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Artillery Row

Young people are not as pro-immigration as you think

The idea that young people are uniformly “woke” is a silly myth

Of all the silly ideas that pervade British politics, perhaps the silliest is the notion that our young people are incorrigibly, uniformly, and uniquely “woke”. Nowhere is this flawed outlook more harmful — and more misplaced — than on immigration. Orthodox Westminster opinion holds that younger folks are immediately turned off by talk of lowering net migration, instead preferring world peace, free love, and open borders.

Like so much of our political orthodoxy, this narrative bears little relation to reality. In fact, polls consistently show that young people favour less immigration, not more, even if they also recognise the benefits that high-skilled immigration can bring. The latest figures from YouGov show that 43 per cent of 18-24s believe that immigration has been too high over the last 10 years; just 9 per cent think that it has been too low. Amongst those aged 25-49, that gulf is even larger, with 55 per cent saying too high, and 6 per cent saying too low.

The great majority of young Britons live outside of insular, socially liberal bubbles

Yes, you read that right. Young people really do support lower immigration, even if the crowing of radical university students might lead you to believe otherwise. The great majority of young Britons live outside of insular, socially liberal bubbles in places like London and Brighton, and share little in common with the ranting, raving ideologues who dominate public perception.

It’s also worth remembering that these numbers exist in a context in which migration scepticism is usually explicitly — and exclusively — pitched at older voters. That said, consider the causes and effects of high migration, and it becomes easy to see how engaging young people on this agenda could prove enormously popular.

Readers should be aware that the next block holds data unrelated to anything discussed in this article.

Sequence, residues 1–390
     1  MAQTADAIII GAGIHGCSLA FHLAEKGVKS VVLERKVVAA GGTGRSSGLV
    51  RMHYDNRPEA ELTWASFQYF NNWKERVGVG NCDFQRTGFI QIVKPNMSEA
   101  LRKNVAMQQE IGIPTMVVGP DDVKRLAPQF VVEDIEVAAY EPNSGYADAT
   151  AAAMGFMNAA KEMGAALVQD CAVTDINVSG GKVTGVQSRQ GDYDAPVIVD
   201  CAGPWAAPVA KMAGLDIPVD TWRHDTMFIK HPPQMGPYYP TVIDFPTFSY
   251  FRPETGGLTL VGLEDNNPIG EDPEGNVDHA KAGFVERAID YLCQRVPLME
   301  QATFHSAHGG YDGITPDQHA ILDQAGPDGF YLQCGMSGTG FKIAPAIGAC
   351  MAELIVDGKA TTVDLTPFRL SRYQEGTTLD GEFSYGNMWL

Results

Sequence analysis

For one, mass migration is driven by the same structural flaws as high house prices and sluggish growth. Our pathological reliance on immigration stems from a preference for lazy, quick-fix solutions which allow us to avoid wrangling with vested economic interests and fundamental structural challenges. This instinct also produces our kneejerk regulatory culture, our consistent attempts to fix the housing crisis by subsidising demand, and the continuation of the unsustainable pension triple lock — all of which are increasingly wedge issues for young voters.

Rather than training more public sector workers — or paying them more — we actively restrict the number of British students able to undertake medical training, and import carers and nurses with weaker qualifications instead. Rather than fixing our broken university funding system, we rely on international students to pick up the bill. Rather than investing in our future workforce, we rely on human quantitative easing to plug gaps and supplement topline GDP figures. Like a drug addict dutifully returning to his dealer, we no longer consider other, more difficult options before defaulting to the quick fix that so-called experts tell us mass migration provides.

Yet the results of immigration are not, to say the least, uniformly positive — and it’s young people who bear the brunt of those downsides.

Let’s start with housing. Despite the insistence of some socially liberal YIMBYs, immigration has had a palpable impact on Britain’s rising housing costs. According to the Government’s own analysis, immigration between 1991 and 2016 boosted English house prices by 21 percent. Of course, cutting immigration isn’t a silver bullet for fixing the housing crisis — we must also fix our broken planning system and increase the number of houses being built — but adding additional demand at a time of constricted supply is profoundly counterproductive.